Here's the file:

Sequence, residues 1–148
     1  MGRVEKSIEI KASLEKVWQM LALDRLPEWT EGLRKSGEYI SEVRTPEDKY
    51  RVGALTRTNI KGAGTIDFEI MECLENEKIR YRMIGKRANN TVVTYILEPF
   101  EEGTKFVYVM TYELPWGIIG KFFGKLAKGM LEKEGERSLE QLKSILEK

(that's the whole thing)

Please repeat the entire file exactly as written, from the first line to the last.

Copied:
Sequence, residues 1–148
     1  MGRVEKSIEI KASLEKVWQM LALDRLPEWT EGLRKSGEYI SEVRTPEDKY
    51  RVGALTRTNI KGAGTIDFEI MECLENEKIR YRMIGKRANN TVVTYILEPF
   101  EEGTKFVYVM TYELPWGIIG KFFGKLAKGM LEKEGERSLE QLKSILEK